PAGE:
I’ve been catching up with my past recently, remembering all those different people I used to be. I remembered, for example, a fragile little 8-year-old who cried too much and loved browsing through his “Mundo de los Niños” encyclopedia. Volume 3, called “The Natural World,” had a section on the Sequoia trees, giant towers that grew in a distant land called California. The pictures seemed to this kid as fantastic as the ones in Volume 7, called “Myths from Around the World.” The little boy, at that time, was able to distinguish fact from fiction, but in his mind the image of ant-size men around colossal trunks remained classified as something impossible.
I finally saw the monsters recently, and I pictured myself sitting down with the kid, trying to explain to him how light and soft their bark feels to the touch, how they seem both menacing and fragile, how magnificent they are in person, shining like copper, kingly among other trees, with the wisdom and nobility of centuries, hiding inside their 30-foot width the secrets of thousands of years. I looked up the trunk of the tree, extending to the sky like a golden brick highway, and I tell you, kid: There’s not much difference between you and me. This tree has barely changed in the last 30 years.
Now please stop hiding boogers under your bed.
I also reread, along with Aut, The Lord of the Rings, so I’ve been reaching out to the awkward teenager that stands between the kid and me. I used to be a massive Tolkien fan. My friends and I wore capes and brought swords to the first movie premiere. I wrote my crush’s name in Sindarin characters on my school desk. I used to listen to the Silmarillion-based album “Nightfall in Middle-Earth” by the number one German Power Metal band of all time: Blind Guardian (the album, I found out recently, still holds as a masterpiece!). We belonged to the Ecuadorian Tolkien Association, whose Elvish tongue name translated to “The Middle of the World.” There were around 9 of us, fittingly. The group dissolved after a couple of members started fighting for the presidency of the club. I never noticed the irony of this until now. I guess power corrupts, even if it’s the power of a ring of nerds around a table in a coffee shop.
I didn’t expect to enjoy the book again as much as I did. I’ve felt distance from that teenager, and in principle I would’ve argued that I now find the plot of good vs evil too reductive. But I was so incredibly moved by the book, the world Tolkien created, and the fragility of that teenager who used to hide behind capes and swords. Tolkien placed an enormous importance on surroundings: characters in the book are linked to the natural world that surrounds them, and a threat to their realm is what moves them. Animals, plants, rocks, trees: all things are full of life, and the way characters interact with nature determines their fate. And while Autumn and I are on this journey, through all types of land, and while I live outside of home, so far away from the person I used to be, I can’t help but think about the places I come from, and how thankful I am not only of my origin, but my distance from them. It saddens me to be away from home, and it saddens me to leave a newly discovered place. But this kind of sadness is like fuel. It’s the kind of sadness that is indistinguishable from joy, the feeling that I find, for example, in a Kurt Vonnegut novel, or a Paul Simon song. The same feeling a good story is made of.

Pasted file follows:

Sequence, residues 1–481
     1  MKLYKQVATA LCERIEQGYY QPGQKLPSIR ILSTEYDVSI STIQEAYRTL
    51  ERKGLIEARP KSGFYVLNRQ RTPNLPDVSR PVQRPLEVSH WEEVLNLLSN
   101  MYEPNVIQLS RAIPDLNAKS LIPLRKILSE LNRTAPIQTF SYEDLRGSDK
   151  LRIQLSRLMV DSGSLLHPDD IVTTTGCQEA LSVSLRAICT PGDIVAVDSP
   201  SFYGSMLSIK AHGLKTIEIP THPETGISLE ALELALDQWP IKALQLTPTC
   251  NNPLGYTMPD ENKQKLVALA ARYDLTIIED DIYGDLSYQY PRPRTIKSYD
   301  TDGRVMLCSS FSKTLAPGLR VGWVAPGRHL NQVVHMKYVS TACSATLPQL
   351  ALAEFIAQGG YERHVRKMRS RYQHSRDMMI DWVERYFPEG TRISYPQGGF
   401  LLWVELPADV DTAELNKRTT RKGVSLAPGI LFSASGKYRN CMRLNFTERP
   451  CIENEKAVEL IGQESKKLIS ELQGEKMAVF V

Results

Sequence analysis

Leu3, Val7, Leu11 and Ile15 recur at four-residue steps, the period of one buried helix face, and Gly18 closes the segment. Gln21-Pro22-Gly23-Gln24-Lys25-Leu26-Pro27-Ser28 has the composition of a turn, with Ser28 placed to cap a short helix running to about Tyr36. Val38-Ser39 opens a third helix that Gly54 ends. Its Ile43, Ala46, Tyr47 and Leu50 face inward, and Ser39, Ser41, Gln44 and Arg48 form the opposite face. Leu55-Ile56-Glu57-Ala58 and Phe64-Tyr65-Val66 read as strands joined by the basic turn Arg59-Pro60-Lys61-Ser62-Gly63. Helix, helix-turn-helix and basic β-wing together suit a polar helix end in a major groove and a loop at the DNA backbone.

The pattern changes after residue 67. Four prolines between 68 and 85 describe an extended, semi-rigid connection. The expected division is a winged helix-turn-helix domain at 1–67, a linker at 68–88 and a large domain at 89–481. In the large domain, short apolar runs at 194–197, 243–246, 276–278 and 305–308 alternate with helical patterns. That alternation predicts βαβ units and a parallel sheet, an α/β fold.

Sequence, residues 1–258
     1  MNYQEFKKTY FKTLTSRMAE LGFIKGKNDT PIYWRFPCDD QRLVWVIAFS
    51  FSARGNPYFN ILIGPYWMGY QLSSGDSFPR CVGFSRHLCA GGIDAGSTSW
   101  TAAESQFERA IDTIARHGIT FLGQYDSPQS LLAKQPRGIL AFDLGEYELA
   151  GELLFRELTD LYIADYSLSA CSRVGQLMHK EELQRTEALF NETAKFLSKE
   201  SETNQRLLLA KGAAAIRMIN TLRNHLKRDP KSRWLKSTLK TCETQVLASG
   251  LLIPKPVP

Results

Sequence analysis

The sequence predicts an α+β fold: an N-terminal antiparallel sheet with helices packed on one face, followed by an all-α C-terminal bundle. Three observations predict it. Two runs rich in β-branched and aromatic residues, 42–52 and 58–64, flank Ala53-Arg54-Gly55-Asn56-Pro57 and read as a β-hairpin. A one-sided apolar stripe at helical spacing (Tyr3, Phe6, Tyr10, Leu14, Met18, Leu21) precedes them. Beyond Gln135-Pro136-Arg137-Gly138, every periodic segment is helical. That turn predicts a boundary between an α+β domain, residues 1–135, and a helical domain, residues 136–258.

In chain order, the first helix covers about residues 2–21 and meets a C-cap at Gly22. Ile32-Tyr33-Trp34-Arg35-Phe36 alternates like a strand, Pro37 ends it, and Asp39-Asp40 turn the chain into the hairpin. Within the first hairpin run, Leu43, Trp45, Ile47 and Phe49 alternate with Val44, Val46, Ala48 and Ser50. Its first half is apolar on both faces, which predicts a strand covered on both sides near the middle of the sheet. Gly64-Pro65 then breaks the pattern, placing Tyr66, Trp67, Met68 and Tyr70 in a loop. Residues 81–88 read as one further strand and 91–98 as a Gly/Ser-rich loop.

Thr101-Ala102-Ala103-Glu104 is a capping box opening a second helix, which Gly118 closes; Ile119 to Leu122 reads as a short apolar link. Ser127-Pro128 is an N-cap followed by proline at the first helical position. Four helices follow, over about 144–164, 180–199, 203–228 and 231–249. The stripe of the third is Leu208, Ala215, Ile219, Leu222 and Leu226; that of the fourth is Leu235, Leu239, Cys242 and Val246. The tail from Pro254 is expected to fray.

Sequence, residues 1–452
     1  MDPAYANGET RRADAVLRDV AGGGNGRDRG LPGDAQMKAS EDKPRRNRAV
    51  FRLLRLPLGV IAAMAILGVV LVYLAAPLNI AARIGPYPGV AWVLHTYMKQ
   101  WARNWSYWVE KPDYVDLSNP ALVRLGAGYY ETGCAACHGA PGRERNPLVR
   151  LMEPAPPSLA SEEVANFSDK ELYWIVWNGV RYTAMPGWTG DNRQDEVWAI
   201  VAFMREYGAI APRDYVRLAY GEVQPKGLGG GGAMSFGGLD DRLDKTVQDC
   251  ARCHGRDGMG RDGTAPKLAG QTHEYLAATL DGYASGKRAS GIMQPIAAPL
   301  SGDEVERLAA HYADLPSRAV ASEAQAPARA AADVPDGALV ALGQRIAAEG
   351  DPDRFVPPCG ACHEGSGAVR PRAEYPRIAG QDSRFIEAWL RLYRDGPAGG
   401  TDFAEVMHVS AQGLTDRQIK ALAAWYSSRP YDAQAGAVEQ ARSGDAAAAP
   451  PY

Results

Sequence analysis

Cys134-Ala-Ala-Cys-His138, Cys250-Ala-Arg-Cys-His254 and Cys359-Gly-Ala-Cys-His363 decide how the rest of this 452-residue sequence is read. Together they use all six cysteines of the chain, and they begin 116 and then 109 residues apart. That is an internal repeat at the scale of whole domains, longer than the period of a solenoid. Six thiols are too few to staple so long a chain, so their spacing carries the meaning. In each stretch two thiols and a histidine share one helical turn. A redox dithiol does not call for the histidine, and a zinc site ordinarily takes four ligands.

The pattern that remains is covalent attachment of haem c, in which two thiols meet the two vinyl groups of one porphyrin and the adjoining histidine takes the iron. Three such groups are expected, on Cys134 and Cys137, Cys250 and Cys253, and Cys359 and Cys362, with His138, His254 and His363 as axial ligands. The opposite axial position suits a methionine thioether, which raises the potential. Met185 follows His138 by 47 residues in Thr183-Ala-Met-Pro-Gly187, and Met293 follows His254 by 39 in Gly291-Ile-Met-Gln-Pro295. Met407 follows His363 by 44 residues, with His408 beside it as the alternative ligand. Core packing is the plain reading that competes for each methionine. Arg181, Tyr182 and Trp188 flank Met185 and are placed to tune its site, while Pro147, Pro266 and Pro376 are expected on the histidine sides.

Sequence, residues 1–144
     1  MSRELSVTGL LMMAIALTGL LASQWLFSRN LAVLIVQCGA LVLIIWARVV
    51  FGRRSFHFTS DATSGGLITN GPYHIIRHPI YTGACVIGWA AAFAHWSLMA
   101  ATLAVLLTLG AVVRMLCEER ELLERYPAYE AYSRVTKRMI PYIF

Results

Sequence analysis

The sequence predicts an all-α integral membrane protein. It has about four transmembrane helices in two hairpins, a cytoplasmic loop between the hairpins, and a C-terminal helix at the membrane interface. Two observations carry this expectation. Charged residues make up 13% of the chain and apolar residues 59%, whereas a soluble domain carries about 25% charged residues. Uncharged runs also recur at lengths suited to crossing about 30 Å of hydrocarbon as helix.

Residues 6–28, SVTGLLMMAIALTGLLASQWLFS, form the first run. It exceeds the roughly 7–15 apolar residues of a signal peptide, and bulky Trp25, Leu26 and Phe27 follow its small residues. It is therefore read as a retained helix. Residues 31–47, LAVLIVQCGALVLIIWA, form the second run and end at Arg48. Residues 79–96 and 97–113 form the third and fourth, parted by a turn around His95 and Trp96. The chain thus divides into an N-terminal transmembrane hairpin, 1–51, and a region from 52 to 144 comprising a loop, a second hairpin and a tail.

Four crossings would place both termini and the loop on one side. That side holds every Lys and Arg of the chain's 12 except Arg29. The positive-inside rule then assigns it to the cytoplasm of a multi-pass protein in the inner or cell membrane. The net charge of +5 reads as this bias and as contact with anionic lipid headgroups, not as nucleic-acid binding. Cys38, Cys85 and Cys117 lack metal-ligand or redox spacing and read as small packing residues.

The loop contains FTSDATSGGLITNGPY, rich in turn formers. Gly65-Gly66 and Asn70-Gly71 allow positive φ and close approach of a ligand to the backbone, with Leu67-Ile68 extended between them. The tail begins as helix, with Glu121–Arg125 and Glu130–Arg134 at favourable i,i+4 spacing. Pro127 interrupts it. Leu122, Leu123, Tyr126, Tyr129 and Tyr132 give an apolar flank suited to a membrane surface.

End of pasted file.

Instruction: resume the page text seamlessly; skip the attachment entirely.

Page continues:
Around the time we were finishing the books, Aut and I drove through Route 66 in Arizona, back to the same places we went through 8 years ago, when we reluctantly decided to get married in Las Vegas. We stopped at Delgadillo’s Snow Cap, a fast food restaurant where, before the drive to the city, we stopped for a treat. A strange man dressed in black bought our ice cream for us, and as we discovered he was a poet and translator of 13th century poet Rumi, he decided to recite a poem for us and our journey. And that truly was our wedding ceremony: this strange man with a stutter, and the cashier as our witness. It felt emotional to be back at the place and find out things are still as good as an ice cream cone on a hot day.
In The Lord of the Rings storytelling is a central motif. Each story feeds others, and people’s identity is built upon the stories they tell. The characters sing songs, and their oral tradition is passed around in stories shared by a fire. When Frodo finally destroys the ring, is rescued, and brought back to camp, all characters reunite and celebrate their victory by listening to the story of what just happened, as a bard starts singing:
“And he sang to them, now in the Elven tongue, now in the speech of the West, until their hearts, wounded with sweet words, overflowed, and their joy was like swords, and they passed in thought out to regions where pain and delight flow together and tears are the very wine of blessedness.”
So there it is, my connection with this kid, this teenager, and the adult who didn’t want to get married. All three of them would be so incredibly moved by this quote. Pain, distance, and irrevocable change, but thankfulness and joy for life. Joy like a sword.